October 21, 2011
Possess by Gretchen McNeil
by Gretchen McNeil
Balzar & Bray
When the Monsignor Renault brings a note to Bridget Liu, her classmates wonder what’s up. Could she be in trouble? Bridget only wishes it was that easy. All the note has written on it is an address and a time. Her next assignment.
In recent months, Bridgett has developed a gift. She can hear voices. Sometimes she sees shadowy figures. It doesn’t happen all the time but when it does, it means trouble. Bridgett not only sees and hears demons, she can banish them as well.
There are five basic rules when it comes to banishing demons (exorcism is such an ugly word):
- Do not show fear.
- Do not show pity.
- Do not engage.
- Do not let your guard down.
- They lie.
Then a horde of demons warn Bridget not to trust the priest. She’d normally ignore the warning (see rule #5), but there’s a new priest at St. Michael’s. He’s been questioning what Renault is teaching her but also seems to be holding something back. Who is he really?
If only Bridget had someone she could talk to but her father was murdered a year ago. Sure, she has friends, and even a boyfriend, but how do you break it to someone who thinks they know you that you can hear voices?
But Demonic activity in the area is on the rise and soon Bridget is hearing voices in places that should be forbidden to them. Unless, of course, there’s something going on that Bridget doesn’t know about.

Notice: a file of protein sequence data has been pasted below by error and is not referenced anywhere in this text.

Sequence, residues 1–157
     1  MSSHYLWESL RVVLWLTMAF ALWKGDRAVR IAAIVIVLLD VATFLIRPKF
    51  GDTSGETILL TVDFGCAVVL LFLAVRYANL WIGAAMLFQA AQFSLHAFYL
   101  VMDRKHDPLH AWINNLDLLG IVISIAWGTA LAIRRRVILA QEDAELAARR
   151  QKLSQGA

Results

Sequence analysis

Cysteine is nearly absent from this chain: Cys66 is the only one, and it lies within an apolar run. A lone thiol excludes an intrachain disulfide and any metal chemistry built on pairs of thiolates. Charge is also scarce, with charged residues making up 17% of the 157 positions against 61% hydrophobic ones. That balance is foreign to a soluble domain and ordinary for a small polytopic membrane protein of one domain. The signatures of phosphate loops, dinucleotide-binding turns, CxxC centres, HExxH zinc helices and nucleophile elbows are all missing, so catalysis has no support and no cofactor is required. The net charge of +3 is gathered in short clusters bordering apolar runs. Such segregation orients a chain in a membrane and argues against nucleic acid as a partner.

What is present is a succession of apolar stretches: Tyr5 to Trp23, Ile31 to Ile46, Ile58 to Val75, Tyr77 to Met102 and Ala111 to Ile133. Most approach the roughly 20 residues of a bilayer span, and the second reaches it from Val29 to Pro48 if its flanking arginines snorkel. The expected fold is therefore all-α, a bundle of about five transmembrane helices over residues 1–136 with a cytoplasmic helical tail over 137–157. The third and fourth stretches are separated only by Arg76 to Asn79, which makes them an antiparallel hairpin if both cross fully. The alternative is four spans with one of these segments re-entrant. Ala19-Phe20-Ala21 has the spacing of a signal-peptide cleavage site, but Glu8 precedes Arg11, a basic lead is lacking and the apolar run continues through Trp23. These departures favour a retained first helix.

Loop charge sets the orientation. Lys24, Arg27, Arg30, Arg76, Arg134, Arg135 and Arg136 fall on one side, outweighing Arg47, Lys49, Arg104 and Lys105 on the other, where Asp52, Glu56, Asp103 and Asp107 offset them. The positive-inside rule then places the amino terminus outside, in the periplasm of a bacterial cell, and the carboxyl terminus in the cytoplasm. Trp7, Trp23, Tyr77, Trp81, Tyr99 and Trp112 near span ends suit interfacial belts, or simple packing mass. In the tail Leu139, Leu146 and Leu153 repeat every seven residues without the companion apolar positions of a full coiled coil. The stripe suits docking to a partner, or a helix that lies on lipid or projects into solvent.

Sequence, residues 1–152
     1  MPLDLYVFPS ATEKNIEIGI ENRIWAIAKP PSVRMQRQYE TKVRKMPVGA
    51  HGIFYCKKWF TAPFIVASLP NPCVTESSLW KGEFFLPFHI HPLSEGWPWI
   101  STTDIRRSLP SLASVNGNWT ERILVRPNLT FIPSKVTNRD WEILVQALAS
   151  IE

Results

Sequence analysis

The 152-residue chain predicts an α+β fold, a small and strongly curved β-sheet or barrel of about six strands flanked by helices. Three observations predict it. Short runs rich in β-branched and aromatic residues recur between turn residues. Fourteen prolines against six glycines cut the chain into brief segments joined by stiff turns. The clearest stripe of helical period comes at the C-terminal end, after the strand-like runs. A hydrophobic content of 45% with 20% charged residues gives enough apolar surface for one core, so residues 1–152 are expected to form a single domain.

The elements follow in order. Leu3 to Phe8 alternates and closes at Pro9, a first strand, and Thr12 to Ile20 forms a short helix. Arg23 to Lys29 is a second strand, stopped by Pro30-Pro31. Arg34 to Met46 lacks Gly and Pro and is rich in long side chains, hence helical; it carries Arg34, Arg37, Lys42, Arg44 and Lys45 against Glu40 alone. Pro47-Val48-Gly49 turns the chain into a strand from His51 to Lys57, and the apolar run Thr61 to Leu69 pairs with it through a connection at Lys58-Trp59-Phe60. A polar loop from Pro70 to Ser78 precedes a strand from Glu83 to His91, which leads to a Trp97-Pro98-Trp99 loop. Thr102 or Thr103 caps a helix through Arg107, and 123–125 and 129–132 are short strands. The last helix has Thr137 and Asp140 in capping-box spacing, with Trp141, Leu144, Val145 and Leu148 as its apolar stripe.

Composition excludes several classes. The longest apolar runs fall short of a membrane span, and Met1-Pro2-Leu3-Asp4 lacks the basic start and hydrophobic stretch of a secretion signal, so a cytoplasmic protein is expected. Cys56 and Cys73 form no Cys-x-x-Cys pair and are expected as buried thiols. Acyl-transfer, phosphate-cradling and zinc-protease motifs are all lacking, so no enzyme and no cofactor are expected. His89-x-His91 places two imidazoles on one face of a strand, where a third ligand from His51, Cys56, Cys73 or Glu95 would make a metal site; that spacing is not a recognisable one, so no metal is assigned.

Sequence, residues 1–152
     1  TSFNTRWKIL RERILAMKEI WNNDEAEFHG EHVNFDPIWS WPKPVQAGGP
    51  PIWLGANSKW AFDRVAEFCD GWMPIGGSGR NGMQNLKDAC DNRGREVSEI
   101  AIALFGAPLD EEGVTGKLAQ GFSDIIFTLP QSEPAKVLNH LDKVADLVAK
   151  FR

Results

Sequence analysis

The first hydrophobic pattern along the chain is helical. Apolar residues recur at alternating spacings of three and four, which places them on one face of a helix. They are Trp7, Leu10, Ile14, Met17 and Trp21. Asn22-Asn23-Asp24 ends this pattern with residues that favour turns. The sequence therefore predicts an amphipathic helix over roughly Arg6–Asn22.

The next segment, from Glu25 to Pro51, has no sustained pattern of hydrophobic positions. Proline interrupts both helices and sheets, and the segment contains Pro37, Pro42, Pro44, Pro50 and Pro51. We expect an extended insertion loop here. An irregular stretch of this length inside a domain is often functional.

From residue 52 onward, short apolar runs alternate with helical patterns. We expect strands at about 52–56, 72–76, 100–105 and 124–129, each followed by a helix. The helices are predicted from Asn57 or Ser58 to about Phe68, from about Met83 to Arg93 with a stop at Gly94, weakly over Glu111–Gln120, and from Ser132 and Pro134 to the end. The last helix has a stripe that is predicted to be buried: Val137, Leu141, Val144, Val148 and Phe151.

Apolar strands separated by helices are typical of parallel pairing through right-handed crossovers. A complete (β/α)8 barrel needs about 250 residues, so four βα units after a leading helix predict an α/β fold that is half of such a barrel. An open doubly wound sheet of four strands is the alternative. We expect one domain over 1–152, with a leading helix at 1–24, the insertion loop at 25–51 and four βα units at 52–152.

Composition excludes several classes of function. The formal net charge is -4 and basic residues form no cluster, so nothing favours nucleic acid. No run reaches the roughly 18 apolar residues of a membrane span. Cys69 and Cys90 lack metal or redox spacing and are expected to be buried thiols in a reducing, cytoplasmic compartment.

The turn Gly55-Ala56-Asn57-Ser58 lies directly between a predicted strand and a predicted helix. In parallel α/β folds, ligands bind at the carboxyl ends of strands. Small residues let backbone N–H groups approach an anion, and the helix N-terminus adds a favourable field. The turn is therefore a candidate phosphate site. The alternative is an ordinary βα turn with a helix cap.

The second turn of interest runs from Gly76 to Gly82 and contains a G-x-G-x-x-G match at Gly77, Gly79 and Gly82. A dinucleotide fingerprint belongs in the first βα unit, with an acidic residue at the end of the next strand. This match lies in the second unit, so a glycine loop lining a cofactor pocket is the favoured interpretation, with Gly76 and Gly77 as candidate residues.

Her secret gets out when the demon’s start chattering at the big winter dance. They’re talking about a human sacrifice and Bridget knows that someone is going to die if she doesn’t figure things out right this minute. With no time to wait, Bridget lets her guard down. Will it be the biggest mistake of her life? Or will she finally have someone she can trust at her back?
The first thing that caught my attention with this book was the awesomely creepy cover. I picked it up one evening and had it finished by the next.
In spite of her rough, gruff ways, Bridget is a character readers will love. She’s equal parts insecure and confident, quirky and white-bread normal. Otherwise, she ‘s just like a real person (except for the talking to demons bit).
With a strong romantic subplot, this book will probably appeal more to teen girls than boys, but Bridget is no shrinking violet. She isn’t the one that gets knocked out cold in the final battle!
Still, some adults will no doubt object to this book. The grown ups, for the most part, are pretty clueless. But then so are most of the teens — they can’t see or hear the demons. And the whole bit about the demons themselves as well as the roll played by one of the priests (don’t make me spoil the plot!), will definitely raise some eyebrows.
But instead of telling your teen not to read it, why not read it yourself, do some research into church lore, and have a rousing talk about the battle between good and evil? After all, you never know just when the knowledge might come in handy…